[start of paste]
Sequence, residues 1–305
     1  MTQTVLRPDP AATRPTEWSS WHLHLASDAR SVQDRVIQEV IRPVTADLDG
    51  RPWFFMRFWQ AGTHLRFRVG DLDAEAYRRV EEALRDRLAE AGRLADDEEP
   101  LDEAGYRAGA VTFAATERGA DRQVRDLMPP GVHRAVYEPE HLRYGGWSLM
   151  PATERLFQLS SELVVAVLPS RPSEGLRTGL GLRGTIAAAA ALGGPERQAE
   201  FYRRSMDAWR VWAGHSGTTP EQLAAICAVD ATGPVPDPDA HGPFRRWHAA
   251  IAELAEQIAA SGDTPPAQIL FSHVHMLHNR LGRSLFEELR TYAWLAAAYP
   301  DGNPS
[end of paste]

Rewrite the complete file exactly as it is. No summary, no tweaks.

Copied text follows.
Sequence, residues 1–305
     1  MTQTVLRPDP AATRPTEWSS WHLHLASDAR SVQDRVIQEV IRPVTADLDG
    51  RPWFFMRFWQ AGTHLRFRVG DLDAEAYRRV EEALRDRLAE AGRLADDEEP
   101  LDEAGYRAGA VTFAATERGA DRQVRDLMPP GVHRAVYEPE HLRYGGWSLM
   151  PATERLFQLS SELVVAVLPS RPSEGLRTGL GLRGTIAAAA ALGGPERQAE
   201  FYRRSMDAWR VWAGHSGTTP EQLAAICAVD ATGPVPDPDA HGPFRRWHAA
   251  IAELAEQIAA SGDTPPAQIL FSHVHMLHNR LGRSLFEELR TYAWLAAAYP
   301  DGNPS